When Austin Jackson steps to the plate tonight in the bottom of the first inning, some Yankee fans might be surprised to see the centerfielder’s numbers. Jackson currently ranks third in batting average, on-base percentage and offensive bWAR, while his OPS+ of 150 stands behind only six others. Although it’s probably too soon to call him on of the game’s elite players, it’s not an exaggeration to say Jackson is having an MVP-caliber season.
The Yankees haven’t faced Jackson since April, so the upcoming four game series in Detroit will represent the 25-year old’s first chance to confront the team that drafted him with his breakout season. Since trading Jackson along with right hander Ian Kennedy (to the Diamondbacks) in a three-way deal that netted Curtis Granderson, the Yankees haven’t had much reason to regret the swap, until now that is. Sure, Kennedy’s 20 wins in 2011 probably gave pause to some, but it was easy (although not necessarily accurate) to explain away his success by attributing it to pitching in the weaker NL West. For that reason, many fans, and perhaps even some in the front office, haven’t batted an eyelash over the righty’s performance (especially now that he has drifted back toward league average). Instead, when evaluating the deal, the real comparison has been between Granderson and Jackson, and in 2011, it was no contest.
Note: AvgWAR = (bWAR+fWAR)/2. Monetary figure in parenthesis represents each player’s total salary from 2010-2012.
Source: baseball-reference.com and fangraphs.com
Granderson has followed up his outstanding 2011 with another strong season. However, by just about every metric, the 31-year old left handed slugger has taken a significant step back. Meanwhile, the much younger Jackson has reached a level that already stacks up to even Granderson’s very best years. Considering each player’s expected age-related career progression, and the relative salaries they will be making over the next few years, it’s not unreasonable to wonder whether Brian Cashman would secretly take a mulligan on a trade that looked as if it would end up in the win column before this season.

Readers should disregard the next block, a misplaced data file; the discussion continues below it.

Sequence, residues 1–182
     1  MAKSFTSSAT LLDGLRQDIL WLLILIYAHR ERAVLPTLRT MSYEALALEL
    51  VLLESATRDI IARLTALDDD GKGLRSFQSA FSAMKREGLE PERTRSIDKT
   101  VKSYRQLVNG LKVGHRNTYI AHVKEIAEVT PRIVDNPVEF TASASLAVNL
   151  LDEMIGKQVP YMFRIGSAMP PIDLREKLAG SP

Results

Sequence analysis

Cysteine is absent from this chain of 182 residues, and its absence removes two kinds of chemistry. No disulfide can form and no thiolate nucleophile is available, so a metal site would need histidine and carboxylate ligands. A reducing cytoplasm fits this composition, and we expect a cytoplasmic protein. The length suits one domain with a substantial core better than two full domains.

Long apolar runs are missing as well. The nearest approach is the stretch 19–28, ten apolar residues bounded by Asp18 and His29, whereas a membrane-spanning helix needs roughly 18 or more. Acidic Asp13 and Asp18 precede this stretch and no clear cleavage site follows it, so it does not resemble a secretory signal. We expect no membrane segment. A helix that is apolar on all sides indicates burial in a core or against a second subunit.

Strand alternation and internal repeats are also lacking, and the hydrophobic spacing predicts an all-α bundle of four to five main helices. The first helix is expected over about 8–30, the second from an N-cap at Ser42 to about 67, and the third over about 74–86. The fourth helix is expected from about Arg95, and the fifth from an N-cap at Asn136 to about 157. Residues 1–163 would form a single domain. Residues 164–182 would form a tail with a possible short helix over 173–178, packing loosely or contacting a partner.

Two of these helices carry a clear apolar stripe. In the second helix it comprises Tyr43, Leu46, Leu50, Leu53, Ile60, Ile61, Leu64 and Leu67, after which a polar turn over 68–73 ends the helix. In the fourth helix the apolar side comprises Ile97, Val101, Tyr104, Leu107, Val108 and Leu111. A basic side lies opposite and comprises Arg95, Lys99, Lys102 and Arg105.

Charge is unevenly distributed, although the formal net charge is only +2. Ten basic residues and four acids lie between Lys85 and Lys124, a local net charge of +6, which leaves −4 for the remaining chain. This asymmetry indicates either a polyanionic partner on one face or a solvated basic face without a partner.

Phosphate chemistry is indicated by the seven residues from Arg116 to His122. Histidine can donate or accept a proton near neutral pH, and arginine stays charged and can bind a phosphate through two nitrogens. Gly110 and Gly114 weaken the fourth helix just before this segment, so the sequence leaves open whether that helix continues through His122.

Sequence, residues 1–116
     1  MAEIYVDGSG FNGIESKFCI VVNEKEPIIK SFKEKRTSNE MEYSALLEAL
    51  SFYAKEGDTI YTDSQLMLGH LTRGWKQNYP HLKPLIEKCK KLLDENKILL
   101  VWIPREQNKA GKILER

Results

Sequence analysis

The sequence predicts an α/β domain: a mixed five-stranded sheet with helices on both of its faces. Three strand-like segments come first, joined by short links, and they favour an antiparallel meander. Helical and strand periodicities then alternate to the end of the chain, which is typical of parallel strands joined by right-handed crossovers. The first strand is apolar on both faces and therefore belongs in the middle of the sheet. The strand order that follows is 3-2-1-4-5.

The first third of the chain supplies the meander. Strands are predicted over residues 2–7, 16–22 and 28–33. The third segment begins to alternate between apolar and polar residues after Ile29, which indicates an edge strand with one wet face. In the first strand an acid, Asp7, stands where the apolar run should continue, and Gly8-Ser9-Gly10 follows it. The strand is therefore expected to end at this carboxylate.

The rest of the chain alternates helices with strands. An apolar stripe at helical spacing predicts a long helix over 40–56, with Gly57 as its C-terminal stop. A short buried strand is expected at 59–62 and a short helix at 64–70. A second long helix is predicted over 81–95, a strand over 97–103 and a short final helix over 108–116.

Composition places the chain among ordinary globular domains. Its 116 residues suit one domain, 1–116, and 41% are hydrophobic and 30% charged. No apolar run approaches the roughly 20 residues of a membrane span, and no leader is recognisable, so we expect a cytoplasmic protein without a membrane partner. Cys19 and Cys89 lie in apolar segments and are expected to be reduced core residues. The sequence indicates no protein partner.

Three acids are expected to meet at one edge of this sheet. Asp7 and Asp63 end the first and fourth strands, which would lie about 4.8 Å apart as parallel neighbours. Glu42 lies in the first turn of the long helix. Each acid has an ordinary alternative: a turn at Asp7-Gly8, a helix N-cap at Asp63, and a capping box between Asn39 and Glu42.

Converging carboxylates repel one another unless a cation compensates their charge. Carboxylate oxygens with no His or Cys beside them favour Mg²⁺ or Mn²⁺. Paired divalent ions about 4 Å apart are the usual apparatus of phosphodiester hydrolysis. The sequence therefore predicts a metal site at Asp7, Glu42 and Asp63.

In the two-plus years since the trade was consummated, the apparent upper hand has changed repeatedly. It was too soon to render a verdict after both players’ mediocre 2010, still premature after Granderson had a vastly superior 2011, and just as presumptions now that Jackson has the statistical edge. However, if Jackson is able to maintain above average offense (not to mention an OPS+ of 150) and combine it with his defensive superiority, it’s hard to imagine a scenario in which the Tigers won’t come out ahead in the trade’s final evaluation.
Normally, the Yankees’ financial resources would be a factor mitigating the imbalance between future potential and immediate impact, but with the team seemingly committed to remaining below the luxury tax threshold beginning in 2014, that may no longer be the case. Before that season, a soon-to-be 33-year old Granderon will be a free agent, and the Yankees will be presented with the dilemma of whether to offer a lucrative contract extension to a player who is still productive, but likely on the downside. At the same time, Jackson will be entering his prime, as well as his final two years of arbitration eligibility, making him a much more cost effective option for a team on a budget. So, even if Granderson winds up providing more value than Jackson over the foreseeable future, the financial implications could still be detrimental to the Yankees.
Curtis Granderson was acquired under the old CBA rules, so evaluating the trade based upon the new financial realities is presumptuous. However, if the organization remains committed to its austerity plan, the financial implications of the trade will become very relevant by 2014. In that sense, the final assessment of the deal might not be based on the relative performance of the players involved, but how much money the Yankees are willing to spend when it comes time to either re-sign Granderson of find his replacement.